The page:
Milwaukee Brewers 2021 Top MLB Prospects Chat

Let’s talk Brewers prospects! On the heels of today’s new Top 10, Ben Badler answered questions below.

Ben Badler: Hey everyone. We were able to get a ton of new information on Brewers prospects from the alternate site, instructional league and even some independent ball this year, especially a really interesting wave of recent international signings and young draft picks at the lower levels. So thanks for joining me and ask away on anybody… let’s get started.

Logan Field (MI):

     Great work Ben! Could you explain the Turang vs. Mitchell debate. I’ve seen a lot of people who prefer Mitchell and others prefer Turang. Was the 1 vs. 2 close? Did Mitchell’s diabetes affect the 1 vs. 2 debate? Also, would you say Turang and Mitchell are top 100 prospects in all of baseball? Any other brewers in top 100 consideration? Thanks as always and excited to see your future work!

Ben Badler: It’s close. You can make a reasonable argument either way on Turang vs. Mitchell. You have better raw tools and explosion with Mitchell, but I have greater confidence in Turang’s pure hitting ability, better strike-zone discipline and the way his swing works overall compared to some of the adjustments I think Mitchell will have to make. Add in the uptick in exit velocity numbers that Turang was showing at the alternate and that helped give him the edge.

Ben Badler: They’re both good candidates to be in the back of the Top 100. And the only Top 100 candidates in the system. Hedbert or Kelly have the upside where they could jump into that mix at some point next year, but not yet.

Nick (Eau Claire, WI):

     Why did Antoine Kelly jump both Ashby and Small? I thought that was interesting.

Ben Badler: Kelly was their most impressive pitching prospect at the alternate site. Small looked as expected, Ashby was down at the alt site as he got ramped back up and then was much better at instructional league. But Kelly has the best stuff of the group, he was holding 93-97 mph throughout his starts and touching 98 with maybe more to come, finishing hitters with a plus slider and flashing an average changeup, although he didn’t execute that pitch as consistently as his slider. So he’s younger than those two, he has better stuff, not the same pitchability as Small, but the results have been good.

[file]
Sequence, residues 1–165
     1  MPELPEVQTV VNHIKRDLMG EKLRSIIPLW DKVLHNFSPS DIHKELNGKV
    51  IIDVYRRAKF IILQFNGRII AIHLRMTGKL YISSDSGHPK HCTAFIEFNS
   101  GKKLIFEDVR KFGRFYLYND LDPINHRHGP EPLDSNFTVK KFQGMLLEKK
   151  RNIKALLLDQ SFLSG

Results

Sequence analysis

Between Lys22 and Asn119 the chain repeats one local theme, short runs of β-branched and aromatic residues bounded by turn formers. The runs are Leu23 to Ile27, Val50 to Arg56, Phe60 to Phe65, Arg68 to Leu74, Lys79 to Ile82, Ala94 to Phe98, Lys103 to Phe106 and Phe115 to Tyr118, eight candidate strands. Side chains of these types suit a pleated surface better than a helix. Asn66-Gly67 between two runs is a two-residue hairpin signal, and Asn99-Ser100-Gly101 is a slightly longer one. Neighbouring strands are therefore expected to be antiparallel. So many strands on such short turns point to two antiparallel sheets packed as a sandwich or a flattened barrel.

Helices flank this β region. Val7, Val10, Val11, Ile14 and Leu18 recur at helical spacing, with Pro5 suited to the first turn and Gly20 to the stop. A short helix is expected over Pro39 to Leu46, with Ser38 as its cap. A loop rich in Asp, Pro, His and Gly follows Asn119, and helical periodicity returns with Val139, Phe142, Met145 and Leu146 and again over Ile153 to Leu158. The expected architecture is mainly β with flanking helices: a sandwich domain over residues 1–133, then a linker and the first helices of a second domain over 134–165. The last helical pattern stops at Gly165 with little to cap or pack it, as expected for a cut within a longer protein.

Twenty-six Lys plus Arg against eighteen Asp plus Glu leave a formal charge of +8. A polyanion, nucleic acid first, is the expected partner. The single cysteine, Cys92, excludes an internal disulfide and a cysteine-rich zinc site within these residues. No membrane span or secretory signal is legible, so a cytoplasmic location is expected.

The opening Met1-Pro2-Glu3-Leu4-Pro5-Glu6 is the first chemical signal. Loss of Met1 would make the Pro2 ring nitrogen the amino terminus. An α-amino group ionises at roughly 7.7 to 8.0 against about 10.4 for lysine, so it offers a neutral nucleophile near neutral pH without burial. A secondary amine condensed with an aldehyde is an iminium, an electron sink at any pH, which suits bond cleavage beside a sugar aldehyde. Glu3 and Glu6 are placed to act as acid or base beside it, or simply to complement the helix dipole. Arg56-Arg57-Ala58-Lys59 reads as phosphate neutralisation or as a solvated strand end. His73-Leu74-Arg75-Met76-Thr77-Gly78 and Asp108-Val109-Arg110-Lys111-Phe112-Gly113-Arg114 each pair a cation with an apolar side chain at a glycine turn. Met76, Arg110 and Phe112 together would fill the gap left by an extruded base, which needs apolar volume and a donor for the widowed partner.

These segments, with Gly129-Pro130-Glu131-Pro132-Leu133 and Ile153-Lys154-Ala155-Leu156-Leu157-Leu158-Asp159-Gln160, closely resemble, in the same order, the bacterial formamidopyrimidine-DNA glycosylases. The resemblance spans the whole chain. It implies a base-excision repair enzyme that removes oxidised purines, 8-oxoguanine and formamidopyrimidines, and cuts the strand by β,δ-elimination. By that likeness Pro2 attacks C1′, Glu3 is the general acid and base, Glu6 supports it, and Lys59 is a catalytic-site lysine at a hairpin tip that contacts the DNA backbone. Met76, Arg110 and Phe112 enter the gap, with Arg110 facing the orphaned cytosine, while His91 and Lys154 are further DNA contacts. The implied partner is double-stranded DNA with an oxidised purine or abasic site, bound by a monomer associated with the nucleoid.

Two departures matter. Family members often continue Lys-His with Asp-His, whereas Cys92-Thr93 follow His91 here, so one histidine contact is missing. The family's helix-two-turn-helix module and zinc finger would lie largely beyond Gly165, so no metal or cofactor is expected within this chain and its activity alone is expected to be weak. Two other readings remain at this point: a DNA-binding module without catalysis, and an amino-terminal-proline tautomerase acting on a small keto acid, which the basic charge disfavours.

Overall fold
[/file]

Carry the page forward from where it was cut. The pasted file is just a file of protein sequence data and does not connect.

Ben Badler: Kelly’s one spot ahead of Small on the list, but he’s really in a tier above him, where I think you can debate him vs. Hedbert for the 3 spot in the system.

Karl of Delaware (Georgetown, Delaware):

     Who would be a sleeper position player candidate that was on the AZL or the defunct Pioneer league Rocky Mountain teams in 2019.

Ben Badler: I like Carlos Rodriguez, although he might be a little too famous to be a sleeper. A lot of the best sleeper or potential breakout position players at their lower levels are guys from their DSL, 2019 international class or some recent draft picks who haven’t played. I’m going to cheat a little bit with my answer here because I think it adds more value and say David Hamilton, their 8th-rounder from 2019 who didn’t play that summer because of his ruptured Achilles tendon. He hit well in the Constellation Energy League over the summer, then he went to instructs and was one of the Brewers’ top offensive performers, with positive reports from scouts who saw him there. It’s a nice LH swing, good bat-to-ball skills, controls the strike zone, good athlete, plus speed. How much power is he going to have is the consistent question with him. Hard to get a great read on him the last two years between his injury and the pandemic, but a lot of breakout signals for him heading into 2021.

Adam (Milwaukee):

     Given the state of the MLB roster today, who from the farm is most likely to contribute to the 2021 season in Milwaukee?

Ben Badler: You’re most likely looking at bullpen arms and some pitchers with a chance to fill in as back-end starters. Drew Rasmussen and Justin Topa are both prospect eligible. Clayton Andrews could come up and contribute in a relief role with some pinch-running, defensive replacement utility. Dylan File and Alec Bettinger were added to the 40-man, probably open at Triple-A with a chance to break in next year. I don’t see an impact starter coming though, and there’s a lack of hitters at the upper levels who project to be league average or better players.

Jonathan (OH):

     What’s Brice Turang’s ceiling? Do you ever see him developing 50 power? Just looking for an update on him-thanks for your time!

Ben Badler: I think his power can get there. It’s an optimistic bet, but we saw a trend up in his hard hit rate this year with him getting stronger and adjusting his approach to try to drive more pitches in damage counts. And we see players with his barrel skills and contact frequency exceed their early-career power projections once they get into their prime years.

Jason (NY):